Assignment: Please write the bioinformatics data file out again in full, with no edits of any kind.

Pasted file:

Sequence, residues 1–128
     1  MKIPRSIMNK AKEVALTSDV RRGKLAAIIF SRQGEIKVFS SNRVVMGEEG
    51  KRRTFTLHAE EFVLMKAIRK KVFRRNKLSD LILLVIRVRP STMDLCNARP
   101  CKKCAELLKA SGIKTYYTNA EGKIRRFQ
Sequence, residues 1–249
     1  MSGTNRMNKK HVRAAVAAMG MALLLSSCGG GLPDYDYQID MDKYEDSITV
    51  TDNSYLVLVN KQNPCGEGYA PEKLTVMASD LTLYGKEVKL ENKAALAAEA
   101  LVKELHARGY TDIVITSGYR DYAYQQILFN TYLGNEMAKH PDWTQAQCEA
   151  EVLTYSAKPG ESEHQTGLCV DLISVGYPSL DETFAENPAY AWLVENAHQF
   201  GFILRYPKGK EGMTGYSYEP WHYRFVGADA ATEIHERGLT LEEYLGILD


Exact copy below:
Sequence, residues 1–128
     1  MKIPRSIMNK AKEVALTSDV RRGKLAAIIF SRQGEIKVFS SNRVVMGEEG
    51  KRRTFTLHAE EFVLMKAIRK KVFRRNKLSD LILLVIRVRP STMDLCNARP
   101  CKKCAELLKA SGIKTYYTNA EGKIRRFQ
Sequence, residues 1–249
     1  MSGTNRMNKK HVRAAVAAMG MALLLSSCGG GLPDYDYQID MDKYEDSITV
    51  TDNSYLVLVN KQNPCGEGYA PEKLTVMASD LTLYGKEVKL ENKAALAAEA
   101  LVKELHARGY TDIVITSGYR DYAYQQILFN TYLGNEMAKH PDWTQAQCEA
   151  EVLTYSAKPG ESEHQTGLCV DLISVGYPSL DETFAENPAY AWLVENAHQF
   201  GFILRYPKGK EGMTGYSYEP WHYRFVGADA ATEIHERGLT LEEYLGILD